Following the colossal success of Beauty and the Beast and The Lion King on Broadway, Disney Theatrical set sail in 2008 with a stage version of The Little Mermaid.
The Hans Christian Anderson tail… er, tale… remained more or less intact. Headstrong Ariel falls in love with a human, much to the chagrin of her protective pop, Triton, King of the Sea.
The ambitious production used a variety of methods for its undersea setting. Initially, the Broadway cast glided through the plot on Heelys (roller-skating shoes) to suggest the fluidity of swimming. Those were replaced in a 2012 overhaul with rigging that suspended the merfolk from above.
Now that the musical is available to community theaters, smaller-scale companies must grapple with what has become a slippery-eel of a production. They’ve got to navigate two intricate and visually diverse worlds, one undersea and one on land.
The solution devised by Steel River Playhouse is obvious to anyone who nets a ticket: Put the musical in the hands of a steady, sturdy captain.
It’s clear from the moment this fish-out-of-water story launches that director-choreographer Dann Dunn has a firm hand on the tiller.
His scenic designer Josh Gallagher makes maximum use of the intimate Steel River stage. While Ariel wistfully pines for the “world above,” four craggy archways suggest her grotto. Once the action swaps out for Prince Eric’s palace, they become architected archways.
The transitions are quick and effective, aided by Jerry Jonas’ lighting design and a dance ensemble with silky flags to suggest waves and stormy seas.
All this stagecraft supports the multitalented cast.
Amanda Morrell as Ariel looks and sings as if she just stepped ashore from the animated classic. She deftly balances the character’s diverse (under)world-view: wide-eyed naivete and headstrong ambitiousness. John DiFerdinando’s Eric is appropriately princely, and his rich baritone envelopes the Steel River house with deep emotion.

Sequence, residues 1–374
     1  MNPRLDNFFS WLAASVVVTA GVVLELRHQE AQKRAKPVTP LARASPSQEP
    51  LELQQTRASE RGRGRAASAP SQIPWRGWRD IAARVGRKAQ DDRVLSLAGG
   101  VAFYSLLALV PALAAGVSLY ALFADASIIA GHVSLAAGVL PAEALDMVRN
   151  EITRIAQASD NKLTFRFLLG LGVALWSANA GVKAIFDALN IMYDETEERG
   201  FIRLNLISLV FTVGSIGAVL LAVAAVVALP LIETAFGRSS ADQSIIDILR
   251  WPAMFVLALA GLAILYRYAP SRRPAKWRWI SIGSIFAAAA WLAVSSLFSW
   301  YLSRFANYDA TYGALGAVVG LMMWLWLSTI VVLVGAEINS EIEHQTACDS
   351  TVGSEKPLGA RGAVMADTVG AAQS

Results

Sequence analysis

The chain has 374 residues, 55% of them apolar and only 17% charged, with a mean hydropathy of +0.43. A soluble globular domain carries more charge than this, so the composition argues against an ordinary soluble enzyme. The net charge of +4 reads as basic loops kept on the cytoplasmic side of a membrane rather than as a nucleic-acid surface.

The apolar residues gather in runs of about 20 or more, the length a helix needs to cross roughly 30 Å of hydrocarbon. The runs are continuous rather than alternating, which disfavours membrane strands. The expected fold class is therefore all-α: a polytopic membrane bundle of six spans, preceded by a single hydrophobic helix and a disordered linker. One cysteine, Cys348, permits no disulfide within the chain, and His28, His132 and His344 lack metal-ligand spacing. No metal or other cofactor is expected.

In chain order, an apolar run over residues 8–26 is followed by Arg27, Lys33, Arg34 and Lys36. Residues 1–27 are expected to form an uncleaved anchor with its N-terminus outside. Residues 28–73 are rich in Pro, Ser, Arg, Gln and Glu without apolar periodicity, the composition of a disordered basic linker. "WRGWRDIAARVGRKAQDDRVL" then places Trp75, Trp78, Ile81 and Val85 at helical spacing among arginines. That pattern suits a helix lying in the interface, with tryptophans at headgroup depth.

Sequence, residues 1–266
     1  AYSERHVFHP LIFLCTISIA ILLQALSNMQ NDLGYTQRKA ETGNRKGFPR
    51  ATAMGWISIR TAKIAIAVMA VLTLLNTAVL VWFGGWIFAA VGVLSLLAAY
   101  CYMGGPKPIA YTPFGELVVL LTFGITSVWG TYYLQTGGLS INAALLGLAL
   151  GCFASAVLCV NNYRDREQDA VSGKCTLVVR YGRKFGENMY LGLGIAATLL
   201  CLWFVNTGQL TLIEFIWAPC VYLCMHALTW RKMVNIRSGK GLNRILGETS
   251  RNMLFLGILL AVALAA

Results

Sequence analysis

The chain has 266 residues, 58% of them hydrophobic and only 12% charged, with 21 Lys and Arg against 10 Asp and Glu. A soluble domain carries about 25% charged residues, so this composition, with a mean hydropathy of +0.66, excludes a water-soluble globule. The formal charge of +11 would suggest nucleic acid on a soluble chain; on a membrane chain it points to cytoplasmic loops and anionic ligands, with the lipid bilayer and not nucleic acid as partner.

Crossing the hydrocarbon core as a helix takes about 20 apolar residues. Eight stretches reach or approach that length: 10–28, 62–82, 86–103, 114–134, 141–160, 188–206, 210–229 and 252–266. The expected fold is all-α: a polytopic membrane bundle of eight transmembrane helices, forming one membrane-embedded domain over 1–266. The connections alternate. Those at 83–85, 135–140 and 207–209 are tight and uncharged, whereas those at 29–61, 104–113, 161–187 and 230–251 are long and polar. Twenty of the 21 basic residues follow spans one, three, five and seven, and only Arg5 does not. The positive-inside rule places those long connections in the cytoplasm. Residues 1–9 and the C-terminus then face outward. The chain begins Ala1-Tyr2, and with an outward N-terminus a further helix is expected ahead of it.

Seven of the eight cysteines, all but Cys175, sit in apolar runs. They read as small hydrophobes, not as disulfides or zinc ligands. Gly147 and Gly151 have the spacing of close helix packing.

The supporting cast is a treasure, from Brian Rock’s Triton to Tyreese Kadle’s Sebastian.
The juicy role of Ursula goes to Alicia Huppman, who plumbs the depths of this villain down to her tentacle-tips. Her Act 1 rendition of “Daddy’s Little Angel” (a late-addition to the official score) nearly stops the show. Her two minions, Flotsam (Jordan McAndrew) and Jetsam (Anastasia Moskal) deftly swim their way through the tight harmonies of “Sweet Child,” a song that leads naïve Ariel to Ursula’s lair.
Ariel’s six sisters offer boatloads of comic relief, especially when Sebastian’s concert goes comically awry. Courtney Harris as Atina deserves special mention for the way she embodies seaside sibling rivalry.
In addition to its mainstage productions, Steel River runs coursework for children. Seeding talent in this way not only engages young actors but also provides a pool of kids who can be showcased in productions. The Little Mermaid, for example, benefits from cute-as-a-button turtles that glide their way through big production numbers like “Under the Sea.”
While on the topic of the production’s younger actors, mention need be made of Olivia Reitz as Flounder. She may only be a sixth grader (at North Coventry Elementary), but she holds her own, especially in “She’s in Love,” a finger-snappy doo-wop number.
"The Little Mermaid"
The score draws from numerous traditions, including reggae (“Under the Sea”), ballad (“Her Voice”) and character songs (“Poor Unfortunate Souls,” “Les Poissons”). The work of Musical Director Melissa McVaugh and Conductor Barbara Newberry enable the singers to sail through these numbers effortlessly.
Go Under The Sea Like Never Before at SRP. The Highly Anticipated Broadway Hit "The Little Mermaid" runs 5/26-6/11. Get your tickets at www.steelriver.org before we sell out! Join in the fun and be entertained by the best area talent, performing alongside a live orchestra and professionally directed by Dann Dunn. See Disney Magic come to life at Your Community Theatre Steel River Playhouse!Posted by Steel River Playhouse on Thursday, May 25, 2017
In also tackling choreography, Dann Dunn has his cast doing everything from the limbo to a rousing tap number. The latter is just one of the highlights of the performance of Lisa Hendricks as Scuttle, Ariel’s goofy, malaprop-prone seagull. That song, “Positoovity,” launches Act 2 with plenty of deft footwork and comic energy.
From its overture to the exit music, Steel River Playhouse’s production of The Little Mermaid sparkles like a sunset on a calm bay.
Holy Mackerel, you’d better not.
The Little Mermaid
Steel River Playhouse
245 East High Street
Pottstown, PA 19464
Shows: June 2 (8 p.m.); June 3 (2 p.m., 8 p.m.); June 4 (2 p.m.); June 8 (8 p.m.); June 9 (8 p.m.); June 10 (2 p.m.); June 11 (2 p.m.)
Barnacle Bash: On June 3 at noon, the cast and crew of The Little Mermaid invite kids age four and up to a cast meet-and-greet that includes snacks, photo ops and crafts. The party ends at 1:30 p.m., enabling families to attend the 2 p.m. performance (as a separate ticketed event).